At first, Emil drove freight trains, but later was asked to be the engineer on the crack Chicago-Northwestern passenger train called the Milwaukee 400. It left Chicago at three p.m. sharp every afternoon for Milwaukee. He would arrive in Milwaukee, eat his dinner there, and drive the train back to Chicago, arriving at nine at night.
Olga’s older sister, Ruth, was her best friend growing up. The two remained close their entire lives even though they lived at opposite ends of the country. As children, they shared a bed and before going to sleep, they would often recite the child’s prayer which ends with, “And if I die before I wake, I pray the Lord my soul to take.” Olga knew for sure that if they did die, Ruth was going to heaven because she was so good. She wasn’t sure about herself, though. She’d try to fall asleep with a firm hold on Ruth’s nightgown in case they did die, so she could tag along, too. Smart girl.
Olga at age 6 or 7 with her sister, Ruth. They’re looking a little serious. Chicago. c. 1915
Growing up, Olga learned to play the violin. Her only outdoor sport was rollerskating and she never learned how to ride a bicycle or swim. She almost drowned once in the waters of cold Lake Michigan when a large wave caught her and held her under for the longest time. Her sister, Barbara, eight years younger, remembered Olga as a wonderful older sister who always had time for her, and paid attention to her and her siblings and read them stories. In many ways Olga acted as a mother figure to her younger brothers and sisters, because their own mom seemed always busy with cooking, cleaning, and having babies. Olga was a gentle soul, known for her kindness and her diligence.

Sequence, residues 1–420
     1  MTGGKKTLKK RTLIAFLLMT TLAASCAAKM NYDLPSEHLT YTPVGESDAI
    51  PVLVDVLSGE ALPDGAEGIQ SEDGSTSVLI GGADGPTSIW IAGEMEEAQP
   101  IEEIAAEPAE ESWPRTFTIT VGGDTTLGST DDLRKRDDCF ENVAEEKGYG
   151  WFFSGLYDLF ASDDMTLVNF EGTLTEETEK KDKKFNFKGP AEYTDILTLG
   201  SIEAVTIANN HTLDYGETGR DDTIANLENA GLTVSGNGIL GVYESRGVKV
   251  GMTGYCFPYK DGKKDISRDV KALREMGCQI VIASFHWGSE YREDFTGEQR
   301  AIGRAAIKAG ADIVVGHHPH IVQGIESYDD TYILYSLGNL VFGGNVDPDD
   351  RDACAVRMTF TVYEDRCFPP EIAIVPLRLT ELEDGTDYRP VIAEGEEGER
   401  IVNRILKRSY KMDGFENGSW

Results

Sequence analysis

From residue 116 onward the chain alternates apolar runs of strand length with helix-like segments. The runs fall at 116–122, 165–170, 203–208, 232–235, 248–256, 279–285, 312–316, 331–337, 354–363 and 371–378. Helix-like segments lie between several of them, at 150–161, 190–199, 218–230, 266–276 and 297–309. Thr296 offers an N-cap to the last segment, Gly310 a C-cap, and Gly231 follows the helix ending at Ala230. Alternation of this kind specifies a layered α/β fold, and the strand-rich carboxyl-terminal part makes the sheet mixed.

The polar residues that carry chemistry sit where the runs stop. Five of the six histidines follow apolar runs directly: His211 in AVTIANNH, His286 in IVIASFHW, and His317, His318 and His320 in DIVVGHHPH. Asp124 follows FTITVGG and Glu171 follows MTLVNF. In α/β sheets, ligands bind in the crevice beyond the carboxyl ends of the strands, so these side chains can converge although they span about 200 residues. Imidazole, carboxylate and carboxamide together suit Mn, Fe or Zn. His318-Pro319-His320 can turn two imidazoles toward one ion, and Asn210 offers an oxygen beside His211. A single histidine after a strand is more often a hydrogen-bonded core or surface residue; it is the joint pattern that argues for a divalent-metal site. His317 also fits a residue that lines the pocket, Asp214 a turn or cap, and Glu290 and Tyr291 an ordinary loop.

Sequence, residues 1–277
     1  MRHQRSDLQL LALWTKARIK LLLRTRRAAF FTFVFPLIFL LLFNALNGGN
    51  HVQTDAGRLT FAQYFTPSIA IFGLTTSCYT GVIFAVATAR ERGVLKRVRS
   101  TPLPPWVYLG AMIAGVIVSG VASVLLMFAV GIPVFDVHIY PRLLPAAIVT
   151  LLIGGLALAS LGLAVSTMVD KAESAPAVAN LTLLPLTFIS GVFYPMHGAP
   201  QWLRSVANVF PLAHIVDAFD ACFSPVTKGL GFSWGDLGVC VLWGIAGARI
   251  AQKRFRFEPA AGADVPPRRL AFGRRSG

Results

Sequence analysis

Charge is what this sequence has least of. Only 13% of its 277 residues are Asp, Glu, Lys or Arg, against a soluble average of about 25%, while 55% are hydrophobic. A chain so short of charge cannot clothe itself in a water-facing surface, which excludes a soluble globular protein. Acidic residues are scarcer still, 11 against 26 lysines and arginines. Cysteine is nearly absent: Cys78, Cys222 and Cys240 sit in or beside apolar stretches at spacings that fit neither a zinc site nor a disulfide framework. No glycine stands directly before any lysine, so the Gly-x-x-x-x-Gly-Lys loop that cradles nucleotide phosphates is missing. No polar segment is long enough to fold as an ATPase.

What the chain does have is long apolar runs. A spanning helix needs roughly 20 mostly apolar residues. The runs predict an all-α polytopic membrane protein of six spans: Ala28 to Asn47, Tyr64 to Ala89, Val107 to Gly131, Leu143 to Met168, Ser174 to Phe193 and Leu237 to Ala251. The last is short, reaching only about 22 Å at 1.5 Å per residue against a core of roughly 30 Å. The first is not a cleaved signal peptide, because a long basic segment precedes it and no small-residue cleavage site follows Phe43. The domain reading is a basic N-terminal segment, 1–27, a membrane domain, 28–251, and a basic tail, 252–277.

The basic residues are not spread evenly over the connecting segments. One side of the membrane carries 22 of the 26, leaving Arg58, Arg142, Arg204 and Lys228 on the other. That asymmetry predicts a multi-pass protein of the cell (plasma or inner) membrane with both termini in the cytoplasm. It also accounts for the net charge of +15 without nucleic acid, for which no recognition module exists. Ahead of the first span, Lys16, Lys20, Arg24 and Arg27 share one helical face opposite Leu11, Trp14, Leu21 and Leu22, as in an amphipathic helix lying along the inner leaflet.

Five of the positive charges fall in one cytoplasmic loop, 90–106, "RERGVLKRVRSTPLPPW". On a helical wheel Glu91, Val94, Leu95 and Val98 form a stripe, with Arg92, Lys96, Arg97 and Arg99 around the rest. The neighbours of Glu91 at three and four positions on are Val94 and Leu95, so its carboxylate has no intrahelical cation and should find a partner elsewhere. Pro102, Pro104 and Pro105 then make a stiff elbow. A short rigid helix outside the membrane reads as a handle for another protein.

The sisters, and later on, the brothers, would relax and vacation every summer at their grandparents’ farm just outside New Carlisle, Indiana. It was only a few hours journey. There, they played with their cousins, had meals with grandma and grandpa, picked berries, watched fireflies in the evening, and kept a respectful distance from the two scary and strange bachelor uncles who lived in a room off the barn. They loved the weeks they spent there. Because of her fair skin, Olga learned at a young age to protect it from the sun.
Growing up attending a conservative “closed” Brethren church Olga developed a faith in God at a young age. Her father, Emil, was led to faith in Christ by a man with the last name of Gilmour (from whom her brother, Carl, got his middle name). The story of his coming to faith is a good one. He was up in the engine compartment of the train he was driving and he was contemplating what this friend had told him about Jesus . . . that Jesus was actually God in human flesh, and that he loved people so much he willingly gave his life for them. He would tell people later that just as the truth of that began to sink in, the entire engine compartment of the locomotive was filled with a bright light and he felt the actual presence of Jesus right there.
Naturally, Emil was excited about his new found faith and brought a friend or two to church with him. To his surprise, the elders objected, so the family changed churches.
Olga walked with her sisters every day to Austin High School — the Maroon and White — located a mile and a quarter from their house. She graduated in 1925, at sixteen. Olga played in the orchestra, and was an excellent student. Her grammar and spelling were flawless her entire life. Because she wanted to finish high school early, she went to summer school for three summers and graduated in three years instead of four. She studied French all three years, and remembered French vocabulary words years later.
[NOTE: This is part one of a nine part series.]